Product Usage AnalyticsLast edited: Aug 22, 2022
Analyze how your product gets used to understand what users value in your product, what creates friction, and how you can improve user experience.
What is Product Usage Analytics?
Product usage analytics is the process of analyzing in-product data to understand how users interact with your product, and why they do the specific things they do. It differs from things like traditional surveys and customer interviews by helping you find out what your users really do, based on user-level data in a digital product—not just what they say they do—so product teams can prioritize development efforts with speed and confidence.
Product usage analytics is best conducted with dedicated product analytics tools due to their ability to track and record every meaningful in-product user interaction, as well as their self-serve UX which encourages unstructured exploratory analysis.
Why do I need product usage analytics?
More often than not, product teams are limited to surface level data which doesn’t let them understand how their product gets used. Furthermore, product teams are quite often constrained in analysis due to bottlenecks with analytics teams. But, as we know, the most innovative companies turn to data to get a clear view on their users so they can build better experiences.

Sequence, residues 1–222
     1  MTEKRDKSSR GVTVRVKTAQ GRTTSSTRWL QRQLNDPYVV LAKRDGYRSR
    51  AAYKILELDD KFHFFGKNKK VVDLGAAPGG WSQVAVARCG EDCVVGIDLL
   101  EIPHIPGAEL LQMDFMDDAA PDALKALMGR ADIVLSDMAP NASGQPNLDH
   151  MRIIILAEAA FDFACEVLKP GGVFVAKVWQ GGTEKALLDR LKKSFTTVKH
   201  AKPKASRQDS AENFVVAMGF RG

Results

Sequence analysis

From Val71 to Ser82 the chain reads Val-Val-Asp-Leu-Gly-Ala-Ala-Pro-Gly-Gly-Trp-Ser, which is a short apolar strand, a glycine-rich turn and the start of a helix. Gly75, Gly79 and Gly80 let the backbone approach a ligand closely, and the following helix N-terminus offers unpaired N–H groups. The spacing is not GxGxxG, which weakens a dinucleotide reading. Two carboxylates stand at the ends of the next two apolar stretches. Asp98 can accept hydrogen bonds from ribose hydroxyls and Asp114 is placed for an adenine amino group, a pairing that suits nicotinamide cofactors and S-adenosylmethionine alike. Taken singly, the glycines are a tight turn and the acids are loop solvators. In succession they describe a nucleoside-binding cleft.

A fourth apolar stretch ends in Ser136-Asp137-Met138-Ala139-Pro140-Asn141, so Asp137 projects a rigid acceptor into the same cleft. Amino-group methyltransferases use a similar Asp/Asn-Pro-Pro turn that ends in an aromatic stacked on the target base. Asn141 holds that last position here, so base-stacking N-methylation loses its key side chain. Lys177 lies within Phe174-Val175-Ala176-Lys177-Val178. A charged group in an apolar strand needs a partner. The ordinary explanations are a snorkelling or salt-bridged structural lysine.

Product usage analytics solves both these problems by helping product teams track important product usage data, and then analyze it themselves so they can learn what works (and what doesn’t) directly from user data, and stay on top of important product usage metrics like stickiness and activation. Product usage analytics can help you figure out:
- Which features are most popular.
- Overall product performance.
- How engaged users are.
- The type of users that use the product most heavily/often.
- Whether users find value in a product/service/plan.
- What friction points or issues users are running into.
- The stickiness of the product.
- Effectiveness of engagement strategies and campaigns.